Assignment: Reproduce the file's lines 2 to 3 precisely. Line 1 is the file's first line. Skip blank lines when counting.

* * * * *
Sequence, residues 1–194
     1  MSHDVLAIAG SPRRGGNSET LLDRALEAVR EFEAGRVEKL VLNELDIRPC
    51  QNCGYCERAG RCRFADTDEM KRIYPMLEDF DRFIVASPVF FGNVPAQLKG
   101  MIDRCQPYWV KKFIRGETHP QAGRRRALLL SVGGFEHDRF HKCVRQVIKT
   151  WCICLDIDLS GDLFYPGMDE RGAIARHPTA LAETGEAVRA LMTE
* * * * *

     1  MSHDVLAIAG SPRRGGNSET LLDRALEAVR EFEAGRVEKL VLNELDIRPC
    51  QNCGYCERAG RCRFADTDEM KRIYPMLEDF DRFIVASPVF FGNVPAQLKG